With the slight easing in restrictions across Melbourne, I took advantage of a 2 hr excursion that included a walk, a sit-down and some food. As I often do, I took the coastal path around half-moon bay. I made my way to where the old ship HMVS Cerberus has been submerged since 1924. There’s a small coffee shop there which also sells takeaway fish and chips.
You probably know this already, but the Cerberus is the last of its type in the world. It’s also the only substantially intact warship of Australia’s pre-Federation colonial navies. This shipwreck rests in shallow waters at Black Rock where she acts as a break-water.
Her primary role was to protect the nation’s gold by patrolling the waters in and around Melbourne, protecting it and its rich gold resources from attack. Not sure by whom, but I suspect pirates or something similar. The Victorian gold rush was happening at the same time as significant instability in Europe. Britain and Russia were rattling swords at each other and the colonies faced the possibility of hostilities with the Russian Navy. The British fleet was the other side of the world. The ship itself is also rather unique in that it includes the first major weapon transition from fixed gun mounts to revolving gun mounts. Designed by Captain Cowper Phipps Coles in 1854.
Back to the ‘excursion’. I often sit on the bluestone wall near the boat ramp and jetty a few metres from the wreck, and just observe all that’s going on around me. It’s a peaceful place most of the time. People venturing into the bay for a swim. Young and old sailing their OK Dinghies. Black and Pied Cormorants drying their wings; perching like statues on the heavily rusted Coles gun turret. There’s always a few Pacific Gulls roosting with their heads facing into the wind. And who can ignore the Silver Gulls?
So, on Monday, I head out to Cerberus. This time I’ve decided to also treat myself to a piece of Blue Grenadier and a minimum of chips, take them to the wall and eat them while enjoying some sunshine. What an experience that turned out to be!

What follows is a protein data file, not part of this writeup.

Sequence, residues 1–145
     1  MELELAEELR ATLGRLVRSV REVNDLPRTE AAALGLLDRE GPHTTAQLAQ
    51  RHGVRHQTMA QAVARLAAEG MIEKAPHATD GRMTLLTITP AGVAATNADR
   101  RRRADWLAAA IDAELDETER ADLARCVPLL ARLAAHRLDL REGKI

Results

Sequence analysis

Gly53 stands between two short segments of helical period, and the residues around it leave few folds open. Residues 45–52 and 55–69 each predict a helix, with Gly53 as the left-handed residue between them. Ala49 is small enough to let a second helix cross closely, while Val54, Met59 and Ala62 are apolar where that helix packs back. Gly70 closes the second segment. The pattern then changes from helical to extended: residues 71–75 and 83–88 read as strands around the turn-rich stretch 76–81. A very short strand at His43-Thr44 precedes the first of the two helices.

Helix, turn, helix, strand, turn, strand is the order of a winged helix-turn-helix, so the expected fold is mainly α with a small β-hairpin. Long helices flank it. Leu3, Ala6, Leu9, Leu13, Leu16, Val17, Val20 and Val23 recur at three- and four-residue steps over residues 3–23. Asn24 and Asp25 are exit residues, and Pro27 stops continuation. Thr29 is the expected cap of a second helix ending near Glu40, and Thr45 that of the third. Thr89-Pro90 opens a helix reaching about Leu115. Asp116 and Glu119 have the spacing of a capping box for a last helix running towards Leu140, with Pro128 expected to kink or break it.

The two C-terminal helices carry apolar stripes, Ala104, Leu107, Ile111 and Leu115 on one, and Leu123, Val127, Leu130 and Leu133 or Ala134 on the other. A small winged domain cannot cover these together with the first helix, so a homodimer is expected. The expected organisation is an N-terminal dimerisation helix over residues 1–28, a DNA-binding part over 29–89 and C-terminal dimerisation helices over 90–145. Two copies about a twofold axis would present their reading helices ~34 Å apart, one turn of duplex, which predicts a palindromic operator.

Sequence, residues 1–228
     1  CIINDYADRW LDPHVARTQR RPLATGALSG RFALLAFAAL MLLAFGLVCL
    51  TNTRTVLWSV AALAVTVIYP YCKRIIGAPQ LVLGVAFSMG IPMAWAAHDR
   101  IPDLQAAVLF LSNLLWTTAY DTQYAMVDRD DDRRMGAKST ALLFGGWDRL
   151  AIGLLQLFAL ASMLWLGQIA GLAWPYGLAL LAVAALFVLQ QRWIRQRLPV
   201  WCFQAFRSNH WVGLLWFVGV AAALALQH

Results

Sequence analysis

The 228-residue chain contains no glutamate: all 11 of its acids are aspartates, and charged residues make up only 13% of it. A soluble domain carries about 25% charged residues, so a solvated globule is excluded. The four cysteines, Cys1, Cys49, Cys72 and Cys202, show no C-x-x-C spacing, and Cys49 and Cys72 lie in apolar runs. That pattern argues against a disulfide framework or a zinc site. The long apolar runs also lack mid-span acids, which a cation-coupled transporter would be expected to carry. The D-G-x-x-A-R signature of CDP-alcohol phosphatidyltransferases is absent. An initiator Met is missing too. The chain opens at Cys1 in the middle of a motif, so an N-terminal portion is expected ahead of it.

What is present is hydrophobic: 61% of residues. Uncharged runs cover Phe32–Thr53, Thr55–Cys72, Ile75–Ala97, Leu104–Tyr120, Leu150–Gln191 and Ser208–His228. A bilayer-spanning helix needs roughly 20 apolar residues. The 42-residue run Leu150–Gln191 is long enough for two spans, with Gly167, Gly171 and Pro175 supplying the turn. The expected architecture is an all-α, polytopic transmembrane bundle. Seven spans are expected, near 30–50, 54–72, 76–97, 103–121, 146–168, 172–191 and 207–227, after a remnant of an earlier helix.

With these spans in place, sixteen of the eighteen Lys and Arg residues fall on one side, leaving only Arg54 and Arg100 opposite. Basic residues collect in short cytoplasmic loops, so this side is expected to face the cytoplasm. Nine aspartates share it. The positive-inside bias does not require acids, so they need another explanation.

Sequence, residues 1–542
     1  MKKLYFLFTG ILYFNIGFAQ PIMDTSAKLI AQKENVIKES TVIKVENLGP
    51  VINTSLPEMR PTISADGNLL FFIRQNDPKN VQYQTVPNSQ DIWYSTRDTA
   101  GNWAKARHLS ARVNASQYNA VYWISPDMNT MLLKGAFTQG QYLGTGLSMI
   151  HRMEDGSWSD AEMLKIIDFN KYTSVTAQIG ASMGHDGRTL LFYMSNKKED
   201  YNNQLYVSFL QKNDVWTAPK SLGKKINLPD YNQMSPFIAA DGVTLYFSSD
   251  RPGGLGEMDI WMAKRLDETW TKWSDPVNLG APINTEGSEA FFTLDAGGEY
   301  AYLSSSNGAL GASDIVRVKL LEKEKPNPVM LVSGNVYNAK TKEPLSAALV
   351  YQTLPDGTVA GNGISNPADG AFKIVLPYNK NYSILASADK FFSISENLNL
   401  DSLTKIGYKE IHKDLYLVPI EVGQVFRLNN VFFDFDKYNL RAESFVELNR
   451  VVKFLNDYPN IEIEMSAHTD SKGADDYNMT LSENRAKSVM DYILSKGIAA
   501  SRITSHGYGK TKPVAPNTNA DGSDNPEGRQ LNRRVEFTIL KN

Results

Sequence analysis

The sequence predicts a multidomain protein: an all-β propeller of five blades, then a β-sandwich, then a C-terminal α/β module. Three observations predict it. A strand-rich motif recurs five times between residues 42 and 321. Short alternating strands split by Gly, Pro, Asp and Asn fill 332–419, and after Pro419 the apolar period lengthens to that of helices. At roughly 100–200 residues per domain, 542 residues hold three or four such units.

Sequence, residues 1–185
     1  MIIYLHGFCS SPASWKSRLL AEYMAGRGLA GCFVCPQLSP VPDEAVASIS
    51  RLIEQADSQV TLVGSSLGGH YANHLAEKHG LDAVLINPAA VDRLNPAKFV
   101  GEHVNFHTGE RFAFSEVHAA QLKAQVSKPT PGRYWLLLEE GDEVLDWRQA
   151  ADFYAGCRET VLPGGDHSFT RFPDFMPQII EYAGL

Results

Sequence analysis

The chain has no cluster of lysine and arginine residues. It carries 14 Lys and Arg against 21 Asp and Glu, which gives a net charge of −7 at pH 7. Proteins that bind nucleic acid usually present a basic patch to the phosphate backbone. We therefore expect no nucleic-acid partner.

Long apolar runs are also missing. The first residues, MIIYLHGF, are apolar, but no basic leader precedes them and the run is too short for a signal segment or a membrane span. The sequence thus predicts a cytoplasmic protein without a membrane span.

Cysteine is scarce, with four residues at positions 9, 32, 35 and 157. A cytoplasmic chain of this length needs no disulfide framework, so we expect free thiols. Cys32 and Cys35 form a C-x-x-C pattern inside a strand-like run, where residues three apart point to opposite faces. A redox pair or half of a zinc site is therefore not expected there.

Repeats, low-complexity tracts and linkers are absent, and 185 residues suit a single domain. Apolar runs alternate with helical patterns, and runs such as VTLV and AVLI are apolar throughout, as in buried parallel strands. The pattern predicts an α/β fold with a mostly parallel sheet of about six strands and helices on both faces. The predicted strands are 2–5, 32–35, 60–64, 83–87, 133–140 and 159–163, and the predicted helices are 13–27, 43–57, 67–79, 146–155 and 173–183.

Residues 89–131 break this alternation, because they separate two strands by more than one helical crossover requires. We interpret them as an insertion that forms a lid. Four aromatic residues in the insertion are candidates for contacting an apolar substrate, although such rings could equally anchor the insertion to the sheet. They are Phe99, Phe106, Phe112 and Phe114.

Not only was it a ‘ first’ for me in such a long time, but it seems like it was a ‘first’ for all the gulls. They literally followed me to the wall which was about 100 m away. I don’t know whether they could smell the fish and chips, or they just recognised the white paper bag in which they were wrapped. It was like a scene out of that Hitchcock movie. I wasn’t anxious. I was thrilled about having some company for lunch. Well, I sat below the wall with my back leaning against a rock. Sun on my face. Mask hanging off one ear. Gulls standing behind me. Gulls standing on the wall above me. Gulls hovering overhead. All of them as keen as I was to eat my first fried chip in months. There was one of me and fifty of them. It was time for some almighty squabbling. They didn’t let me down.
The photographs below capture something of the scene that I was experiencing.
Quite often I would toss a chip either behind me or in front of me. There were too many chips even for me, and I was happy to celebrate this moment with them. I got the sense that they too were missing the presence of people – who am I kidding, it’s the chips they missed.
Hierarchy kicked in. Older males arched their necks and with open beaks squawked and charged at the younger birds; trying to drive away the competition. But while they were busy noisily asserting themselves and defending their turf, other quieter ones stood silently nearby and got most of the chips. It’s not the noisy bird that gets the chip.
Funny the lessons you can learn from nature.
What a treat that bag of fish and chips turned out to be. Life is good.